Format: Internet video on laptop.
You know the basic horror movie tropes. One of the basic tropes is that for all of their blood and guts, horror movies are incredibly conservative in terms of sexual politics. Anyone who has sex dies. Cherry Falls turns that basic trope on its head. In this film, the opposite is true. Our killer is targeting virgins. It’s a hell of a fun spin on one of the basic rules of slasher movies. In a sense, it’s a bit like Scream in that respect, although it lacks the overall cleverness of Craven’s franchise.
Aside from that change, though, Cherry Falls follows the basic horror movie story. A young couple gets killed, sending shockwaves through the small town of Cherry Falls, Virginia. Meanwhile, life in the high school seems to go on as normal. Jody Marken (Brittany Murphy), daughter of the local sheriff (Michael Biehn) breaks up with her boyfriend Kenny (Gabriel Mann) and mourns the loss of a couple of fellow students. Of course, the killings aren’t going to stop there. Another student is killed brutally, and the police let slip that all of the victims have had the word “virgin” carved into them.
Sheriff Marken calls a meeting of all the local high school parents to tell them what he has discovered. Jody eavesdrops on the meeting along with her friend Timmy (Keram Malicki-Sanchez), who gets the scoop that the killer is specifically targeting virgins. Timmy (Timmah!) borrows Jody’s phone to call his friend at the high school paper about what he’s learned and runs out of the room. Now, since this is a horror movie, it doesn’t come as a surprise that when Jody goes to find Timmy (Timmah!) and her phone, she finds him dead and stuffed in a locker with “virgin” scratched into the door. And it also doesn’t come as a shock when Jody is attacked by the killer, but manages to escape, and then when her father runs to investigate, the killer has scampered off as well.
Jody describes the attacker to the police sketch artist and it turns out that the person she has described is someone who lived in the town 25 years earlier. Lora Lee Sherman mysteriously vanished in her senior year of high school after claiming that she was raped by a group of four kids from the football team. And again, since this is a horror movie, it comes as no shock when Jody drags this information out of her drunk mother (Candy Clark) that two of the alleged perpetrators are the school’s current principal (Joe Inscoe) and, of course, Sheriff Marken.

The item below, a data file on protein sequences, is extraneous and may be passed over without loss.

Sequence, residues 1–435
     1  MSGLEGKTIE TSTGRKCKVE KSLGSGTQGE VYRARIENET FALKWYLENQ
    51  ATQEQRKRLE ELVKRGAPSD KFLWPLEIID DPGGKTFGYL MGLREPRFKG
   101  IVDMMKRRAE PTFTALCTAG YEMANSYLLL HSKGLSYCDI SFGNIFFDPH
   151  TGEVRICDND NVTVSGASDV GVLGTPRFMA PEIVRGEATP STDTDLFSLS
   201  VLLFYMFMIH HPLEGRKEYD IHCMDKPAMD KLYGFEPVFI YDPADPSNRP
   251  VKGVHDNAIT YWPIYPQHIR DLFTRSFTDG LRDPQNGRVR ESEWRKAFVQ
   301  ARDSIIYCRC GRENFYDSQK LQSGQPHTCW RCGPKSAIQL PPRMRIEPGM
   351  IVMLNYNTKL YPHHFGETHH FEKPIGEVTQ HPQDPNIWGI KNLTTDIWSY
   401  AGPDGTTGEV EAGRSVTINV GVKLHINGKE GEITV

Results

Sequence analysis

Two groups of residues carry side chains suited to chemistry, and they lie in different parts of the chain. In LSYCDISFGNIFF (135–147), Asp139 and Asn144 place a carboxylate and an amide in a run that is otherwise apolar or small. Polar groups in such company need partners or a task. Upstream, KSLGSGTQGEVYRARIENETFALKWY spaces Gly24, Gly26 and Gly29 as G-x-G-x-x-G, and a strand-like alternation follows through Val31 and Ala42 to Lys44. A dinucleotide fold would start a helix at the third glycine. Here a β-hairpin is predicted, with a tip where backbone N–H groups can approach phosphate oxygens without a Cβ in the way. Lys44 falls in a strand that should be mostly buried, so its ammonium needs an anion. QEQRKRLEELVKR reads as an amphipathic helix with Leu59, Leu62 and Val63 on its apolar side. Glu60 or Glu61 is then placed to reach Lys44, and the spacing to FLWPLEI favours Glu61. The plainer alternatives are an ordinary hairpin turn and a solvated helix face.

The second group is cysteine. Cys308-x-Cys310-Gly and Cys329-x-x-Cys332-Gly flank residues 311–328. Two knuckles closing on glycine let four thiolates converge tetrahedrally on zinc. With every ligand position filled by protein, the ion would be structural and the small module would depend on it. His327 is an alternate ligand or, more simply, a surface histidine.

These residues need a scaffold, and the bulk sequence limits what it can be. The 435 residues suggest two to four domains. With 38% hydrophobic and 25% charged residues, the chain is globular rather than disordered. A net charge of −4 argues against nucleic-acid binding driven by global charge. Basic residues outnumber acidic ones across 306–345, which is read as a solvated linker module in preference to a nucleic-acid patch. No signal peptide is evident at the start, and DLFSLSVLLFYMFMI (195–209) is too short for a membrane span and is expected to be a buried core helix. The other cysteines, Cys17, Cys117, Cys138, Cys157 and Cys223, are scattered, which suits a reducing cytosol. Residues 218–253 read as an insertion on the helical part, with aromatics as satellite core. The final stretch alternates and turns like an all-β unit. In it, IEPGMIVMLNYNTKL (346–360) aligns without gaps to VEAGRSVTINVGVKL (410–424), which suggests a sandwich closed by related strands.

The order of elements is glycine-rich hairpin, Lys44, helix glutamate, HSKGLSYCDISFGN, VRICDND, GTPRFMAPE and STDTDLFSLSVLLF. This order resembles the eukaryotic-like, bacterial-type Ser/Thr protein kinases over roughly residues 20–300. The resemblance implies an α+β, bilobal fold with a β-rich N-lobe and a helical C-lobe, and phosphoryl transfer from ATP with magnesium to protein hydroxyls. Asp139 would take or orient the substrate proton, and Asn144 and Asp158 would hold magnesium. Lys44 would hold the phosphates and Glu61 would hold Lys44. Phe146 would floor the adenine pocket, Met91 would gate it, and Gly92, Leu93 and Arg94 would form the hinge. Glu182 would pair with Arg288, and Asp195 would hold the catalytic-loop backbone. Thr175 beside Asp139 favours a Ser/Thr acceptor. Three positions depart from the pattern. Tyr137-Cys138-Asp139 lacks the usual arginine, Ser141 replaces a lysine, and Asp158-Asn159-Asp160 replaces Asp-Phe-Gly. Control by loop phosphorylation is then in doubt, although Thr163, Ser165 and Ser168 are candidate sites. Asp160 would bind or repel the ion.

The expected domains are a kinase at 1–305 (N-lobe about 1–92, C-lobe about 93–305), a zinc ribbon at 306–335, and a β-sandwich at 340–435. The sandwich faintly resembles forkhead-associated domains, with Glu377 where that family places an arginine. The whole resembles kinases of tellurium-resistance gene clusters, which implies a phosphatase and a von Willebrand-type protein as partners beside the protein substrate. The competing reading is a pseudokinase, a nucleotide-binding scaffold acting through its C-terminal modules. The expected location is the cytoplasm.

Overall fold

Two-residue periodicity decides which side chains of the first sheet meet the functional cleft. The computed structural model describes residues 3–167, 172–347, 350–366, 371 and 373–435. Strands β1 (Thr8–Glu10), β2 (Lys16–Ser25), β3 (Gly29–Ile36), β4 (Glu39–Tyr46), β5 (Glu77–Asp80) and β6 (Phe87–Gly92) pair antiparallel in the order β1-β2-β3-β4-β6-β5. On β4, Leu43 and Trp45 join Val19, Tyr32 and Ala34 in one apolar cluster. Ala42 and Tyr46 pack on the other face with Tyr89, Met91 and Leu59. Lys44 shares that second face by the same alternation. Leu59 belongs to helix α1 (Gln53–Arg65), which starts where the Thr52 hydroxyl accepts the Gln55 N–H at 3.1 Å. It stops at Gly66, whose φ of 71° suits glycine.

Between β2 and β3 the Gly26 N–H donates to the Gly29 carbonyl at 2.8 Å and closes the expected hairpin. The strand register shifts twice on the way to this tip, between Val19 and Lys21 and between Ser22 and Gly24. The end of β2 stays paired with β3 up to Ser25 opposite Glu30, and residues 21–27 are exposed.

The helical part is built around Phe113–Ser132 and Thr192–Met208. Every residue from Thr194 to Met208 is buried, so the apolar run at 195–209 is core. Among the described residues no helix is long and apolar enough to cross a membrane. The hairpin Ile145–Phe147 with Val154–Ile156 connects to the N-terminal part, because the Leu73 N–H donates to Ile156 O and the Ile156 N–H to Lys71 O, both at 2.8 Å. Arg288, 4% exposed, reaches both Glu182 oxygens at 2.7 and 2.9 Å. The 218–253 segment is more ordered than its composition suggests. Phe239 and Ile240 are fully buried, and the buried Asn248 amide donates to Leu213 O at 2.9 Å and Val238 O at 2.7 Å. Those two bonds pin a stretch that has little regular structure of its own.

Anyway, the big twist here is that the high school kids find out that the killer is targeting virgins, so they plan a massive orgy to, as they say, take themselves off the endangered species list. We’ll get a few moments of this, but here is another place where Cherry Falls is different from the typical slasher. For a film this geared toward teenage sex, there’s not a moment of real nudity. Anyway, the killer of course makes an appearance and everything eventually winds up resolved in one way or another. That’s the way these things work, right?
Cherry Falls never received an American release, and that’s kind of interesting considering the cast. In addition to those already mentioned, Jay Mohr plays a teacher at the high school who has more than a little sexual tension with Jody, and Amanda Anka, honestly probably best known for being married to Jason Bateman, plays the deputy. Regardless, this seems like a film that might have done a little business in the States, at least enough to bring back its modest budget.
Cherry Falls is a film of contradictions in many ways. It specifically subverts one of the main tropes of slasher movies, but then follows every other horror movie trope to the letter to the point where I could just about identify jump scares to the second. It’s entirely focused on sex—even the name is an obvious double entendre—and yet is remarkably prudish about including sex in its running time.
In the long run, it’s a little disappointing. It could have very easily been a clever spin on slasher movies much in the line of Scream while taking a very different approach. Instead, it’s just got that one difference. Even the ultimate motivation of the killer is directly out of the cheap psychology textbook that so many slashers seem to reference. This is a film that I think had a great deal of ambition and simply didn’t have the wisdom, the intelligence, or the cojones to actually be that different.
It’s worth a watch if you like the genre, but it’s not going to replace any of your favorites.
Why to watch Cherry Falls: Hell of a spin on the typical horror movie trope.
Why not to watch: Despite the different spin, it falls into a lot of the same tropes.